There are so many inventions that we take for granted today and we don’t realise the crucial role that they play in our lives. Take radar for instance. Just imagine the commercial airline industry without radar! The thousands of commercial airliners and military aircraft traversing our atmosphere would have no warning of other aircraft in their vicinity and the scale of catastrophic accidents would go up exponentially. Did you know that the invention of radar was the key to the Allies’ victory in World War II? The Germans never had radar and if they did, it is possible that Germany might have emerged victorious. Radar was a significant British invention in the war and it was kept top secret. Every military man who worked with the radar was sworn to secrecy because it was imperative that the Germans were kept completely in the dark about this incredible invention and its technological importance.
Technology espionage was a problem and hence the fear of it falling into enemy hands was immense. If you ever visit London, make sure you visit the Secrets of Radar Museum, which is dedicated to preserving the experiences, stories and histories of the men and women who helped build, develop and operate radar.
So what exactly is radar? It is a system that uses radio waves that are transmitted towards objects. It’s the measurement of those waves when they come back that enables us to deduce whether or not there are objects out there and how they are moving. In fact, radar is the acronym for radio detection and ranging.
Radar became a critical element in the technological arms race against the Axis powers and played an integral role in the success of D-Day and the Allies’ invasion of Europe. The Allies were perfecting long-range radar jamming of the Germans a year prior to D-Day that enabled Britain to create white noise that the Germans thought was power fluctuation. So the Germans were unable to see what was coming across the channel until it was too late. It was in the historic Battle of Britain, the aerial battle fought largely between August 1940 and the end of that year, that radar played a stellar role.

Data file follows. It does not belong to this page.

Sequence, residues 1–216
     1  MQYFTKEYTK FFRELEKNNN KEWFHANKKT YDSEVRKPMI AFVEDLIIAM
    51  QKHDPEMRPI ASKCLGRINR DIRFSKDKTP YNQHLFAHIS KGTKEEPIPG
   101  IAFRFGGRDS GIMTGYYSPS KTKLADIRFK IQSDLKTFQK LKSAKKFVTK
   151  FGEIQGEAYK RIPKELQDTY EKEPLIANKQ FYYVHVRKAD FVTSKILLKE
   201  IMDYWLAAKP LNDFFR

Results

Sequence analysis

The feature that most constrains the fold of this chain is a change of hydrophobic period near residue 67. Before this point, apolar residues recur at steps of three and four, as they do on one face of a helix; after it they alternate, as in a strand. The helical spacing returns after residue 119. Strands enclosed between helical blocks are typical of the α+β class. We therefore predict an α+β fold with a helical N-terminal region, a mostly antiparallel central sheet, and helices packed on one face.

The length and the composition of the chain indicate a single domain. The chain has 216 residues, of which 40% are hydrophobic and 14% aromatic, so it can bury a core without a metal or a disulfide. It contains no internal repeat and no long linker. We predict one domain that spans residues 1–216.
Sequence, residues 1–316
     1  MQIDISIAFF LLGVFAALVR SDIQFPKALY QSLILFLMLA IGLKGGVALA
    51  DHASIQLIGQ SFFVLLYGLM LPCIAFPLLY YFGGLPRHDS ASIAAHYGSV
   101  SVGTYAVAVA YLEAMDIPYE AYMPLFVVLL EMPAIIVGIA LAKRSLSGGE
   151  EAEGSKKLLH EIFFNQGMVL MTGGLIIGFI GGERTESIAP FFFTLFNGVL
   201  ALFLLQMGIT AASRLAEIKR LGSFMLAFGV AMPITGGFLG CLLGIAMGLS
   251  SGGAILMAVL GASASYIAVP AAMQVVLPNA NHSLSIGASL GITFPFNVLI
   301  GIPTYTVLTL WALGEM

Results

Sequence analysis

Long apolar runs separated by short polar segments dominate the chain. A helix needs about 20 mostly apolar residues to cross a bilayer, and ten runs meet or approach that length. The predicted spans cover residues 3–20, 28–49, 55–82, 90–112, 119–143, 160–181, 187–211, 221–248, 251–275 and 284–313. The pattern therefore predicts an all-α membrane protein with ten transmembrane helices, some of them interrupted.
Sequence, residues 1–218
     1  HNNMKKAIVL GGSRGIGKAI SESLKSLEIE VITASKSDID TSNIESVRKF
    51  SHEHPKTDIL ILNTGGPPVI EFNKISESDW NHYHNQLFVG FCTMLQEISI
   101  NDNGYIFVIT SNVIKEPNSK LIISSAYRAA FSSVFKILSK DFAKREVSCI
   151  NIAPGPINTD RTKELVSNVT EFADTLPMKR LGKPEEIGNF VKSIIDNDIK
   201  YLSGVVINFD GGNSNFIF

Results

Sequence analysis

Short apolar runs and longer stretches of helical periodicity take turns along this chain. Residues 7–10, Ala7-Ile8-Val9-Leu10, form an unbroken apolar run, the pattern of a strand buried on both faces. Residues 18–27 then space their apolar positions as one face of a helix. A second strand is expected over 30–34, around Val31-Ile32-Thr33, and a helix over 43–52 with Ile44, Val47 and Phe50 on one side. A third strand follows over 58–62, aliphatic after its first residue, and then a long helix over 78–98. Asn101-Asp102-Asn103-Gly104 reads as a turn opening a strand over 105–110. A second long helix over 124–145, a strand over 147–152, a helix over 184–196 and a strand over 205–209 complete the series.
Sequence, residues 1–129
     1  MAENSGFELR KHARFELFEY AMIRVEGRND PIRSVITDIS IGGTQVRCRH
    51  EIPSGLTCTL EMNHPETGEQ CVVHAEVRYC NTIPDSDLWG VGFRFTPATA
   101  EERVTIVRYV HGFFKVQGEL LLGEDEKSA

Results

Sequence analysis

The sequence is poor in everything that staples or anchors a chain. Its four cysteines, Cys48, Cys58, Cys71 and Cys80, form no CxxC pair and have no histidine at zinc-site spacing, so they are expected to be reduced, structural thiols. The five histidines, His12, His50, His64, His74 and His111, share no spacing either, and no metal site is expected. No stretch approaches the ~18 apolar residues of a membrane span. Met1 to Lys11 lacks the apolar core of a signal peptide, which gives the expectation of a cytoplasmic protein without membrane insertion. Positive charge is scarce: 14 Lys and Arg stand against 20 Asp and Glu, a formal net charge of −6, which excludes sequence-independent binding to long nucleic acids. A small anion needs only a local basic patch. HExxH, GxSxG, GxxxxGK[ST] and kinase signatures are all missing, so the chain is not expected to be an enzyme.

By August of 1940 Britain stood alone in the war in Europe, since the German army had crushed their Polish allies in September 1939, and the French in June 1940. Having pushed Britain into a corner, Hitler started planning an invasion of Great Britain, but first he had to deal with the British air force. Hitler had every reason to be optimistic because the British had only 800 aircraft as opposed to 3,000 German planes. But Britain had something special that Germany did not: radar. British victory, though hard fought, was largely due to a series of radar stations that had been built along the southern and eastern coasts of Britain in 1939. These radar stations enabled the British to determine the direction, altitude, and speed of oncoming German aircraft while they were still 50 to 60 miles away, and thus concentrate their limited fighter forces against them.
The men who worked on radar were the ‘unsung heroes’ of the war, because their stories were locked away for five decades. Most of the troops who returned home from the war were able to share their experiences with friends and family but not so for those who worked on radar. They were bound to the Official Secrets Act that stipulated that they were to keep mum about their work for 50 years. This official mandate could be psychologically stressful for some radar personnel, because they knew they had played a crucial role in the war, but could not tell their families. In some cases they might have encountered shame and ridicule because some people would say, ‘Oh you didn’t do much during the war’, when in fact they had done so much but couldn’t talk about it. It was not until 1991 when the ban was lifted that radar personnel were free to talk about what they did during the war. Unfortunately for some, it was too late. The impact of radar on the outcome of World War II was best encapsulated by Winston Churchill who said, “Radar did not win the war but without radar we would not have won the war.”